What is Euphemism? Meaning & Examples from Film and TV

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Definition: A euphemism is a mild or indirect word or expression that is used instead of one that may be considered harsh, blunt, or offensive. Euphemisms are often employed to substitute more socially acceptable terms for sensitive or uncomfortable topics.

Euphemisms are used in everyday language to soften the impact or to create emotional distance fx when speaking about death and taboo subjects. Or it can simply be used out of politeness.

Common euphemisms are also often found in movie dialogue – either intentionally to make the characters more interesting or distinct – or unintentionally because the euphemism has become cliché.

Here are ten examples of common euphemisms:

  1. “Passed away” instead of “died”
  2. “Let go” instead of “fired”
  3. Gentlemen’s Club” instead of “strip club”
  4. “Senior citizen” instead of “old person”
  5. “Correctional facility” instead of “prison”
  6. “Pre-owned” instead of “used”
  7. “Visually impaired” instead of “blind”
  8. “Under the weather” instead of “sick”
  9. “Ethnic cleansing” instead of “genocide”
  10. “Collateral damage” instead of “civilian casualties”

Examples of Euphemisms in TV and Movies

In film and TV shows, euphemisms are often used to make dialogue more palatable for sensitive audiences or to convey difficult or taboo subjects more subtly.

But sometimes you can find euphemisms even in the movie title, e.g. in the movie “Friends with Benefits” (2011), which is a euphemism for friends who are “intimately involved” (another euphemism for “having sex”).

It can also be used to great comedic effect.

Gilmore Girls (S02E08): “Eventually we’re all going to take the same long vacation.”

Lorelei and Sookie learn that the Independence Inn may be sold by Mia, so they use euphemisms to ask Fran Westin about her thoughts regarding selling the Dragonfly Inn when she dies.

Here, the euphemisms “long vacation” and “forever” are used to refer to the inevitable end of life.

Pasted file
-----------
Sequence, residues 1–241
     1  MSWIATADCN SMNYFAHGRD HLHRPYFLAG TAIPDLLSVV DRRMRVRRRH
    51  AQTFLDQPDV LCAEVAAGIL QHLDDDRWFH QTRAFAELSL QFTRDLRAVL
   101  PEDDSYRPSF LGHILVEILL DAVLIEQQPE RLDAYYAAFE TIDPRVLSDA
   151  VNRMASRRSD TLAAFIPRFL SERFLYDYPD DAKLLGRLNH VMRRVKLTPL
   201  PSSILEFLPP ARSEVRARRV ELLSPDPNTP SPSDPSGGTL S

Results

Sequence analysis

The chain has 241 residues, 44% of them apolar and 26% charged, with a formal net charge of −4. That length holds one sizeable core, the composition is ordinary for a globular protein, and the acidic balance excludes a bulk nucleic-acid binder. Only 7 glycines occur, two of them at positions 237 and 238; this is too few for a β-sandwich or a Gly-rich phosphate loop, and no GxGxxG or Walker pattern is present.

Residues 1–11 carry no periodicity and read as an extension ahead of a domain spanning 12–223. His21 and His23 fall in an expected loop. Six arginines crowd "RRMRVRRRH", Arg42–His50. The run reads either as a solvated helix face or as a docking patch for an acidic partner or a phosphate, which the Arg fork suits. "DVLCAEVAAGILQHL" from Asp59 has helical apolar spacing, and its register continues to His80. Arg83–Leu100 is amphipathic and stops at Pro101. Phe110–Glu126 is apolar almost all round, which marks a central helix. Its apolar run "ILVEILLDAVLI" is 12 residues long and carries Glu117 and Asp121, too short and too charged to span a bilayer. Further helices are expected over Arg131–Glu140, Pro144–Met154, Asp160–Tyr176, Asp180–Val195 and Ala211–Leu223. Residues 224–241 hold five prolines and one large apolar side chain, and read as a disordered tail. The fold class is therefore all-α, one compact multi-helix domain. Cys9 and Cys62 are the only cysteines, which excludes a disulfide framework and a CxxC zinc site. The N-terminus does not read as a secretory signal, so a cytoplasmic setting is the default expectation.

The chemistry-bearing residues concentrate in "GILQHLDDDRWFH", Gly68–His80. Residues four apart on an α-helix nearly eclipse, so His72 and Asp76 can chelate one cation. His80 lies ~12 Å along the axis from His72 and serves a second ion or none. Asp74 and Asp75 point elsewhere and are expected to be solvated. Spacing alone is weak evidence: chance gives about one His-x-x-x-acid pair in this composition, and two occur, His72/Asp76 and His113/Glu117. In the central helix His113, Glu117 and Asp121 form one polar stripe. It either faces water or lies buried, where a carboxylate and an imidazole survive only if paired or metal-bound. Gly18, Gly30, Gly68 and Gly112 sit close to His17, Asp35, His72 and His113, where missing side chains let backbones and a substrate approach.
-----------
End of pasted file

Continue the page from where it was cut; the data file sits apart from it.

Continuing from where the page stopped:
It’s a lighthearted way to discuss a heavy topic, adding a touch of humor to the conversation

South Park (S1EP01): “You’re not fat, you’re big-boned”

In this very first episode of South Park, Eric Cartman is pissed off because all the kids at school called him fat.

Eric’s mom, Liane Cartman, tries to calm him down with a “powdered donut pancake Surprise” and the euphemism, “You’re not fat, you’re big-boned”.

Grease (1978): “Hey, Rizzo’s got a bun in the oven”

In this hilarious clip from the movie Grease, Rizz admits to Marty, that she’s pregnant.

Marty promises not to tell anyone, which she fails miserably as she accidentally reveals it to Sonny the moment after they’ve left the women’s toilet at the drive-in theatre.

This leads Rizzo to spread the news with the guys with the euphemism: “Hey, Rizzo’s got a bun in the oven”.

The Godfather (1972): “I’m gonna make him an offer he can’t refuse”

The quote “I’m gonna make him an offer he can’t refuse,” spoken by the character Vito Corleone (Marlon Brando), a powerful and influential mafia boss, is a euphemism for threatening someone.

This euphemism is a way of saying that the person will be forced to comply with the request, whether they like it or not, due to the implied threat of violence or other negative repercussions.

The line has become synonymous with coercion and intimidation, reflecting the ruthless and manipulative nature of the character Vito Corleone in the movie.

Shaun of the Dead (2004): “You’ve got red on you.”

In the movie “Shaun of the Dead,” the euphemism “you’ve got red on you” is used to subtly point out when someone has blood on them from killing a zombie.

It serves as a comedic way to address the grim situation of a zombie apocalypse without directly mentioning the violence involved.

Conclusion

Euphemisms in film and TV shows serve various purposes, such as adding humor, softening harsh realities, or conveying complex emotions in a more palatable manner.

The use of euphemisms can help maintain a level of decorum, accessibility, and relatability for audiences.

However, they may also have drawbacks, such as potentially diluting the impact of a message or perpetuating societal taboos.

Overall, the use of euphemisms in film is a nuanced tool that screenwriters can employ to navigate sensitive topics and engage with audiences effectively.

Up Next: What is Vernacular Language in Film?

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  • Jan Sørup

    Jan Sørup is a indie filmmaker, videographer and photographer from Denmark. He owns filmdaft.com and the Danish company Apertura, which produces video content for big companies in Denmark and Scandinavia. Jan has a background in music, has drawn webcomics, and is a former lecturer at the University of Copenhagen.

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